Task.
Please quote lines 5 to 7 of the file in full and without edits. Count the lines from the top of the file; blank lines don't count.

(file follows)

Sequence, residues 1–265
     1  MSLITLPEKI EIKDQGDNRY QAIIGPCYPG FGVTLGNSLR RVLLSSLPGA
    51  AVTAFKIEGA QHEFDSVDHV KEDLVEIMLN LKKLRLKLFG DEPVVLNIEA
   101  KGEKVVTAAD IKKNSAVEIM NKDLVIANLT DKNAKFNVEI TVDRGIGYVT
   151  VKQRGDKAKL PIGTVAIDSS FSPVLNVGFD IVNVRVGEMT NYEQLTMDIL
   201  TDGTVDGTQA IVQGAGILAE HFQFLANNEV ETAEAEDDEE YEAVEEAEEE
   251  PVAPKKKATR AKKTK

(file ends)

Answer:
   151  VKQRGDKAKL PIGTVAIDSS FSPVLNVGFD IVNVRVGEMT NYEQLTMDIL
   201  TDGTVDGTQA IVQGAGILAE HFQFLANNEV ETAEAEDDEE YEAVEEAEEE
   251  PVAPKKKATR AKKTK